Twelve-year-old Ciel Phantomhive is, through as-yet-unexplained circumstances, the head of his aristocratic family. He lives in a beautiful manor house near London with his servants, led by the impressively capable Sebastian, and runs a company that manufactures confections and toys. In the first chapter, we witness Sebastian’s skill as he whips up dinner for a guest (hindered by the ineptitude of the other servants), and in the second, Ciel’s shrill and petulant fiancée arrives to dress everyone in cute outfits and break Ciel’s signet ring. Then she cries when he’s mad at her for it. Charming. This inauspicious beginning is tempered somewhat by the likable and enigmatic Sebastian and his relationship with Ciel, who is by turns acerbic and vulernable.
The story picks up the pace in the third chapter, when Ciel is revealed to have been given some sort of policing responsibility by Queen Victoria that makes him a target for an Italian fellow looking to sell drugs in England. When he learns his master has been kidnapped, Sebastian springs into action, easily defeating all of the thugs standing in his way (earning extra badass points for doing so with silverware!) and ultimately revealing more details on the nature of his service agreement with Ciel. This results in a second half that is much better than the first.
Black Butler has a lot of fans, and I can certainly see why. Although I gave this first volume a B-, I did enjoy it overall and feel that the series has a lot of promise.
The first, and most important, step the series can take towards achieving greatness is to jettison the completely unfunny household staff. I’m not even sure why they’re there. Am I actually supposed to find their painfully stupid antics amusing? At one point, I thought one of them might get killed by a sniper and I thought, “Oh, so that’s why they’re there!”, but alas, it was not to be. You know you’ve created some annoying characters when three chapters in I’m rooting for them to die.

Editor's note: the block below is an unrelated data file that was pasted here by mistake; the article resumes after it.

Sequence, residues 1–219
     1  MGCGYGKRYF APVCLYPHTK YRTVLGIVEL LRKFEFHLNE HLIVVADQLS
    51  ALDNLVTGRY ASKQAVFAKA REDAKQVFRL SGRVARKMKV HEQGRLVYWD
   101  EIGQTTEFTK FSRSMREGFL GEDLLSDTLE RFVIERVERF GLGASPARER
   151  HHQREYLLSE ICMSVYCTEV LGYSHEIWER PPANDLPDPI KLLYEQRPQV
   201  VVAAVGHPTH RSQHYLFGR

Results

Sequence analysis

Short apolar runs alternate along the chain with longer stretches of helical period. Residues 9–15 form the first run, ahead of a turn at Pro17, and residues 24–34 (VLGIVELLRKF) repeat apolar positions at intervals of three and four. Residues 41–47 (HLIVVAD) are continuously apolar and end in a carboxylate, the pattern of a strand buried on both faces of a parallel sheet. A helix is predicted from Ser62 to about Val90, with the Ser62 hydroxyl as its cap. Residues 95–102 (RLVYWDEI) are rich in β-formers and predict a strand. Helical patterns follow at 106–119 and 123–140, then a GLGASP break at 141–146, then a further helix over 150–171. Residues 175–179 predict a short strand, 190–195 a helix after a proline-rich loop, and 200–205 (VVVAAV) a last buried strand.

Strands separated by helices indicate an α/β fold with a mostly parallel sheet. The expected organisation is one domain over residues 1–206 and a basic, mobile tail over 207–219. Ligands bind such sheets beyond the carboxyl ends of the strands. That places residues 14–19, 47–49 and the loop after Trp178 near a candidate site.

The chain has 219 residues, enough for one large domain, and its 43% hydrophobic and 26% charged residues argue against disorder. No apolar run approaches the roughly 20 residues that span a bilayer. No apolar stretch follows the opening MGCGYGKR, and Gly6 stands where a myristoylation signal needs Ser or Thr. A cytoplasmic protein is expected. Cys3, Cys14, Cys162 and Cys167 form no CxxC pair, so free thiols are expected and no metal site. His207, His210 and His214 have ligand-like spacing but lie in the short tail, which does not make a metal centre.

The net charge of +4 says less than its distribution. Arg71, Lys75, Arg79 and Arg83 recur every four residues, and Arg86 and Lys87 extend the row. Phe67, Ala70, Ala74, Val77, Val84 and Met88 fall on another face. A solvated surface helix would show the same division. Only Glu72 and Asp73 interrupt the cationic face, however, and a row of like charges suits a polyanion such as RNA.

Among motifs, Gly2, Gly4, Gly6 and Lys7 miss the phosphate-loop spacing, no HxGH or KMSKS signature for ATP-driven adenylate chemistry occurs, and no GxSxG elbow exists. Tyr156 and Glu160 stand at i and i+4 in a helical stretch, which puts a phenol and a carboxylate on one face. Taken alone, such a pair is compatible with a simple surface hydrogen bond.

I’d also like to see the series develop a plot worthy of its central character. Sebastian is both urbane and lethal, a fellow whose appearance and manner—“You’re nothing more than a romeo swanning around in a swallowtail coat”—bely his true intentions, and he deserves better than whiny fiancées and two-bit drug dealers.
I found Toboso’s art to be kind of generic, but attractive. The action scenes are easy to follow, even when Sebastian’s doing impossible things like throwing bullets into his opponent’s foreheads and slicing their guns in half with a serving tray. Yen’s packaging is also nice, with a couple of color pages and some substantial translation notes.
On the whole, while Black Butler falters some in this first volume, there are enough appealing elements to ensure I’ll be back for the second. I’ll be especially glad if the “comic relief” meets an untimely end in the interim.
Black Butler is published in English by Yen Press. They’ve released one volume so far. The series is up to eight volumes in Japan, where it is still ongoing.
Review copy provided by the publisher. Review originally published at Manga Recon.